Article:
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>> this is a little philosophical. you mentioned the tax are easier on this complex system so take that complexity opens up new folder abilities but they build complexity to defend themselves so is there something we can learn from this quake. >> over the past decade there is a lot of research to move that biological metaphor the security there are some lessons in biological systems that will sacrifice the individual to save the species. one. . .
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that would lower construction costs, make better use of fuel management then today's reactors which i believe future nuclear power can be bright but we need to prepare now by building more reactors, ending the stalemate on what to do about nuclear waste. senator feinstein and i are uniting on that, stopping washington from picking winners
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and losers in the marketplace which does incentivizes the use of nuclear power, pushing back on excessive regulation, witnesses will discuss r&d and steps we can take to maintain the fleet. we received the report in october, the secretary's energy advisory board, the challenges the nuclear industry is facing as well as steps necessary to develop new technologies and emphasize five factors limiting investments in nuclear power in our country. first is nuclear power doesn't get enough credit for being carbon free. new nuclear technologies are complex. we haven't solved the nuclear waste they'll meet which has been going on 25 years, market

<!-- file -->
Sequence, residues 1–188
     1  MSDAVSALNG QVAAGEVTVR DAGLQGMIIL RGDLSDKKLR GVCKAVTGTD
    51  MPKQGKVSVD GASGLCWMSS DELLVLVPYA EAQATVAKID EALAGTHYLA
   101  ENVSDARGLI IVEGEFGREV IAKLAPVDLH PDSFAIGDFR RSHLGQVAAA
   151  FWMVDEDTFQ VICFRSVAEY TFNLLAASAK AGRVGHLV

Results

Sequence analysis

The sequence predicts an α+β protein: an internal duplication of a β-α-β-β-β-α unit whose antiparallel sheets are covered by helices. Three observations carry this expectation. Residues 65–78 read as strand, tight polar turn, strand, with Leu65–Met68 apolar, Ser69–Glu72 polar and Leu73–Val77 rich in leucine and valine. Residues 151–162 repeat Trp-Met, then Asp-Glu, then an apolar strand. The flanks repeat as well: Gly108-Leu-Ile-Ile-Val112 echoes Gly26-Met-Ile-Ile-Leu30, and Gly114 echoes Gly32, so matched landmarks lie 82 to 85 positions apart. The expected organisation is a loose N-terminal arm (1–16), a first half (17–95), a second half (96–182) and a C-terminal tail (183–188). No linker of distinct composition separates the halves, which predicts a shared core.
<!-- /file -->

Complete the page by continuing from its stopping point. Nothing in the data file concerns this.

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conditions, such as an accident. at a time leading science academies of 20 developed countries and many americans say climate change is a threat and humans are a significant cause of that threat nuclear power produces 60% of carbon free electricity, power plants produce 40% of the carbon in the country. my hometown of tennessee, i had 20 fire marshals come around and tell me my house burned down and by fire insurance, my recommendation is we get insurance in this country against climate change was the best insurance in the near term is nuclear power. makes no sense to close reactors at the time people believe climate change is a problem, invest in the next generation of reactors, continue to work with regulatory commission with small
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modular reactors. our bill, the appropriations bill includes 95 million for that work, task force recommends we undertake an advanced nuclear reactor program to support the design, development and construction of commercial scale reactor, looking forward to hearing more about that. doctor eisenhower who is here on behalf of the oak ridge laboratory, for advanced simulation of whitewater reactors supported discussion of that. by the end of the year the department would begin to process moving forward with interim storage facilities for nuclear waste solving something senator feinstein and i congratulate him for and encourage. i am pleased to report after our hearing the department took the
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initial step of seeking information on private interim nuclear waste sites. we need to move on all tracks at the same time to solve the nuclear waste stalemate. appreciate the secretary's attention. the secretary took that important step, the new congress should take the next step to pass the bipartisan nuclear waste administration act produced last year by senator feinstein, congress should pass the pilot program that will allow the secretary is nuclear fuel, the pilot program and funding are included in this year's energy water appropriations bill, senator feinstein and i have recommended and the committee approved. we need to maintain our existing nuclear fleet, extend licenses from 60 to 80 years where appropriate and safe to do so